Chinese siblings visit city to discuss art, poetry, history
September 16, 2013
By Neil Pierson
Since early July, visitors to Sammamish City Hall have been able to view the paintings of Lu Yansheng and the poetry of his sister, Lu Shuangquin, in an exhibit designed to highlight Western influence on China.
Forty years ago, in the midst of the Cultural Revolution, it would’ve been practically impossible for the siblings to display their work in their native country. That was one of the messages they tried to impart when they visited Sammamish on Sept. 12 for an educational program on their exhibit, “East Meets West Through Art, Poetry and Revolution.”
The poetry of Lu Shuangquin, and the paintings of Lu Yansheng and Bellevue-based artist Cheryll Leo-Gwin – a fourth-generation Chinese-American – will hang in City Hall through the end of September.
Last week, they spoke about the historical significance of their work alongside Dr. Paul Manfredi, the chairman of Chinese studies at Pacific Lutheran University.
The Cultural Revolution was a decade-long revision of Chinese civilization starting in the mid-1960s. It was wheeled into motion by Mao Zedong, chairman of the country’s Communist party, who tried to remove all capitalist influences from Chinese society. In the process, anyone with visions of artistic freedom found themselves persecuted.
“We should try to understand the reasons for which (the revolution) was launched,” Manfredi said. “Some of them are cynical views, that Mao was just trying to establish his hold on power, and he had nothing positive in mind.
“I think those are at least an overstatement, if not simply wrong. There is a degree of which the Cultural Revolution was really something that was the result of a form of inspired leadership.”
Manfredi said part of the reason the revolution was so successful was that so many people bought into Mao’s leadership, meaning they didn’t view the leader as “just an authoritarian hand.” Mao actually enjoyed calligraphy and poetry, which presented a shade of hypocrisy.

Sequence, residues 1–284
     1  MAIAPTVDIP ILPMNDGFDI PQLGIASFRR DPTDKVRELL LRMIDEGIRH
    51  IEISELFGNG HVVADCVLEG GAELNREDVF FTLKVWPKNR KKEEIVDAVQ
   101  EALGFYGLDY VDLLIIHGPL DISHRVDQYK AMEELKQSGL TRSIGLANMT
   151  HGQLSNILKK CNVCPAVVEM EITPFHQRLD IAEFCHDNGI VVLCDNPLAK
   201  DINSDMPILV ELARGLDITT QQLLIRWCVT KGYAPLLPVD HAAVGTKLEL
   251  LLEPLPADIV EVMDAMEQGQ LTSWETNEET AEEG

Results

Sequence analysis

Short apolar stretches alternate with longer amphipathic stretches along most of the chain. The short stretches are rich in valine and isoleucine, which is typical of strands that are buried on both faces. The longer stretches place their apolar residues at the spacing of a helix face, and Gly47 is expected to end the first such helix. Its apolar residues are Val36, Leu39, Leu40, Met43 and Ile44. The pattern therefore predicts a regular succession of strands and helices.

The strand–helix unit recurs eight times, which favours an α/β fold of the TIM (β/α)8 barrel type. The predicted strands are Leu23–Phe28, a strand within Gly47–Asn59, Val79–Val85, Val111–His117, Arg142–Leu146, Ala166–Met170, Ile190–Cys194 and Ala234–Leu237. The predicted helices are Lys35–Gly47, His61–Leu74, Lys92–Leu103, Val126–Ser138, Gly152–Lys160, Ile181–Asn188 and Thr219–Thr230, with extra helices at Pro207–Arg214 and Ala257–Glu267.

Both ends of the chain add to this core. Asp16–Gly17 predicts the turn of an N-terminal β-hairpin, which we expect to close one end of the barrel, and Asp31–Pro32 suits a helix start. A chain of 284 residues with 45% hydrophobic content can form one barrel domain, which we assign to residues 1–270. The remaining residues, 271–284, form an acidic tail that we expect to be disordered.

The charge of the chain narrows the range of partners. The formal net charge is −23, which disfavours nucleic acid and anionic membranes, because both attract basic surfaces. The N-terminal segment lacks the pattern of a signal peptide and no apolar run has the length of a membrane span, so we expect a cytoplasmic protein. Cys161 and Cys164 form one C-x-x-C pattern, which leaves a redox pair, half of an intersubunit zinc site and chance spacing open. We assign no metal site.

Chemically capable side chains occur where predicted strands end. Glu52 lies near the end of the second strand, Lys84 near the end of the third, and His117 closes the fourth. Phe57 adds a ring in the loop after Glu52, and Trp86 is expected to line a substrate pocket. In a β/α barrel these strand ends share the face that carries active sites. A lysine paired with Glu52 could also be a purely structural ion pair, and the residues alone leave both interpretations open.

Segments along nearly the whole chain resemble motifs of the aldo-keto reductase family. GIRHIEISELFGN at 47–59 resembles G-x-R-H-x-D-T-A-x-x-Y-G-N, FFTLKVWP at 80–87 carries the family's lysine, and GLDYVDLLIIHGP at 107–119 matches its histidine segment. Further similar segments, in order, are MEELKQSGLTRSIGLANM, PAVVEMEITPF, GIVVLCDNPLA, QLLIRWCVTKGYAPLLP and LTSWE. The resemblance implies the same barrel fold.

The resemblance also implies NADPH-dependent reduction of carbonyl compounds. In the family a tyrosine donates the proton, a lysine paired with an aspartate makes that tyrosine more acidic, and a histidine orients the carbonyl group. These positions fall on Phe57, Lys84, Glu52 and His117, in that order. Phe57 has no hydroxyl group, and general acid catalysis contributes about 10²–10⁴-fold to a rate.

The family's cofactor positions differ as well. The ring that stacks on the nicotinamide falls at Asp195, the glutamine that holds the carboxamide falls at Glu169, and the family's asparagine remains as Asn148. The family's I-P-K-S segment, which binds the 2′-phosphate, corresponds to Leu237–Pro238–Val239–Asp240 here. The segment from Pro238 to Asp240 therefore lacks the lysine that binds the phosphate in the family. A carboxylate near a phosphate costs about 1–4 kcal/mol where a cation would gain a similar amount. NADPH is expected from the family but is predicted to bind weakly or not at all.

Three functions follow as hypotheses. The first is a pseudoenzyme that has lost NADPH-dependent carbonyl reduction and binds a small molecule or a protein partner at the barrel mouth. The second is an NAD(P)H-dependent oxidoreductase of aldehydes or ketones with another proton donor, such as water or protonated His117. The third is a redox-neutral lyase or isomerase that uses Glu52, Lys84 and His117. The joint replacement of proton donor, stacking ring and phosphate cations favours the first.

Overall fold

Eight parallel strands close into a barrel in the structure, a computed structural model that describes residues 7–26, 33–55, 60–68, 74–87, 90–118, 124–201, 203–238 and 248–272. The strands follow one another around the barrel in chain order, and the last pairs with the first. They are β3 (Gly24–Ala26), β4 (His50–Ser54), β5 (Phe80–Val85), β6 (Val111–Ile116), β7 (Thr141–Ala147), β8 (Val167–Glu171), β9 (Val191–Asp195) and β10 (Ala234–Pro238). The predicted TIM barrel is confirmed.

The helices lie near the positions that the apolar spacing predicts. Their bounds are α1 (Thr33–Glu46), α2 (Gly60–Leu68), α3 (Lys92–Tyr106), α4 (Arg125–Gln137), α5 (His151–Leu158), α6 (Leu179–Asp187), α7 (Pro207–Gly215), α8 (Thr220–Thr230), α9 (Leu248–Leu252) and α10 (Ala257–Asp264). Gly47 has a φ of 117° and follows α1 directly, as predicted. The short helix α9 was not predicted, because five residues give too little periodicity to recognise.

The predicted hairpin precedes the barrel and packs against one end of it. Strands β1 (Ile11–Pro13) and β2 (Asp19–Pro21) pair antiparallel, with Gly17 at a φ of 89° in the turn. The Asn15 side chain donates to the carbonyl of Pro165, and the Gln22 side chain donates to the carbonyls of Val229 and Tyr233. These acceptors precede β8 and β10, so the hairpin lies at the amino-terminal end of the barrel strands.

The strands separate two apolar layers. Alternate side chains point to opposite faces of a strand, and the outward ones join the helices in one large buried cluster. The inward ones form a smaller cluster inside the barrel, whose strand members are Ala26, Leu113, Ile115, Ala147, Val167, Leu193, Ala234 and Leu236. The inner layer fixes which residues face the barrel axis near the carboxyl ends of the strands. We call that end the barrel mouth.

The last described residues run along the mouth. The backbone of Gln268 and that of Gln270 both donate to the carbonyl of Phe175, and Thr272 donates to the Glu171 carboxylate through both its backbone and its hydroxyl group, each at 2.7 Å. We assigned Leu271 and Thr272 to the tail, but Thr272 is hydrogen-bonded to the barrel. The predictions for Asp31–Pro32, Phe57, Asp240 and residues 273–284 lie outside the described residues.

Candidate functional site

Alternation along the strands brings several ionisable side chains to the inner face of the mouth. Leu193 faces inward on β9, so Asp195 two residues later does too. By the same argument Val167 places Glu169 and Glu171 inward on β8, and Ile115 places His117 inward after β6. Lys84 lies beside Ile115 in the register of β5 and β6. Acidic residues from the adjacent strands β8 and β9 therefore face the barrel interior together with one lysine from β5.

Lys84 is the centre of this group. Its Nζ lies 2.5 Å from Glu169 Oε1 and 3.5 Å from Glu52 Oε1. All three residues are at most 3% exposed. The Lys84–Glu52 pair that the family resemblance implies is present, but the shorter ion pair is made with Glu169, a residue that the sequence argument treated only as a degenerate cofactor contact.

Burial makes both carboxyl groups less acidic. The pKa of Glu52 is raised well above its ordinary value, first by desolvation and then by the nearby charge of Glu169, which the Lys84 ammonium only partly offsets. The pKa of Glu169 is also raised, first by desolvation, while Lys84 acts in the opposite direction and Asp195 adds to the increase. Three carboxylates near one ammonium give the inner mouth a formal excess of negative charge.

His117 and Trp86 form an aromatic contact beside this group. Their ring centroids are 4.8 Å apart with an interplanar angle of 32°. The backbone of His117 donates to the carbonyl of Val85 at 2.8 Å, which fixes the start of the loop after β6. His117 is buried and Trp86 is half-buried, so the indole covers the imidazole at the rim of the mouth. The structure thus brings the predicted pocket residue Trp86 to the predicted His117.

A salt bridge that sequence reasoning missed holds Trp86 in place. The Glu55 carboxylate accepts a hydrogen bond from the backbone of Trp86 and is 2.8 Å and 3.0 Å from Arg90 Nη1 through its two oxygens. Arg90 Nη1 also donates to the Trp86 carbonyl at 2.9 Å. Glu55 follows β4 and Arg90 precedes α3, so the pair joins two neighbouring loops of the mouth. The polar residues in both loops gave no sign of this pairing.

“He had a huge reverence and respect for art and literature,” Manfredi said, “but not for artists and writers, because he had very little respect for them, and the personal experience of artists and writers during that time will bear that out.”
Leo-Gwin, who was born in Canada to American parents, said it took her many years – and, finally, a visit to China – to understand her own heritage, which has greatly influenced her work.
“When I grew up, I only saw one side of the globe, and that was the western side,” she said.
Leo-Gwin’s family was impacted by the Chinese Exclusion Act, which prevented Chinese laborers from emigrating to the United States.
Although the act was repealed in 1943, it was much longer before a positive impact was felt. Leo-Gwin explained how wives weren’t allowed to emigrate with their husbands, creating an impoverished “bachelor society.” Some of her work, like “One Child Policy” and “Golden Lillies,” attempts to address those issues.
Lu Yansheng, with translations from his sister, gave a long presentation about his education as an artist. Growing up, he had many friends from intellectual and artistic families, but with the Cultural Revolution in its heyday, it was difficult to find an outlet for his creativity.
“We were in constant fear of political oppression,” he said. “However, that fear taught us how to think, doubt, rebel and view the work with a critical eye.”
With the revolution fully ended in the 1980s, Lu Yansheng was admitted to study at the prestigious Central Academy of Fine Arts in Beijing. There, he began to learn about Western styles and incorporate them into his thinking. That process can be seen in his “Flower Series,” which features more than 20 pieces.
“My art is Chinese, created by my Chinese mind, based on my Chinese tastes,” he said. “Many aspects of Chinese culture which are embedded deeply into our genes still strongly influence how we make our choices.”
Barbara Jirsa of the Sammamish Arts Commission, who curated the exhibit, said the siblings’ visit was designed to spark passion in local families and neighbors.
“It’s our hope that by hearing the stories that you will hear tonight, we’ll inspire you to tell your stories within your communities as well,” she said.
Reach reporter Neil Pierson at 392-6464, ext. 242, or npierson@SammamishReview.com.